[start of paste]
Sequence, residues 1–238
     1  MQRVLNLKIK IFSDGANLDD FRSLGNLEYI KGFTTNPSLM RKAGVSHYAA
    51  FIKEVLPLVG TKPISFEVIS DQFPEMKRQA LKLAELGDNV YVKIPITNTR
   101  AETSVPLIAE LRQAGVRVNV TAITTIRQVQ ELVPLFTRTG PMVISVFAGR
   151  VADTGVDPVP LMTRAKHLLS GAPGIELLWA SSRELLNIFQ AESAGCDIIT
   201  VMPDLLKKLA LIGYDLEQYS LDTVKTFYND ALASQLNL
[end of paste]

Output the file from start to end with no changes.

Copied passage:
Sequence, residues 1–238
     1  MQRVLNLKIK IFSDGANLDD FRSLGNLEYI KGFTTNPSLM RKAGVSHYAA
    51  FIKEVLPLVG TKPISFEVIS DQFPEMKRQA LKLAELGDNV YVKIPITNTR
   101  AETSVPLIAE LRQAGVRVNV TAITTIRQVQ ELVPLFTRTG PMVISVFAGR
   151  VADTGVDPVP LMTRAKHLLS GAPGIELLWA SSRELLNIFQ AESAGCDIIT
   201  VMPDLLKKLA LIGYDLEQYS LDTVKTFYND ALASQLNL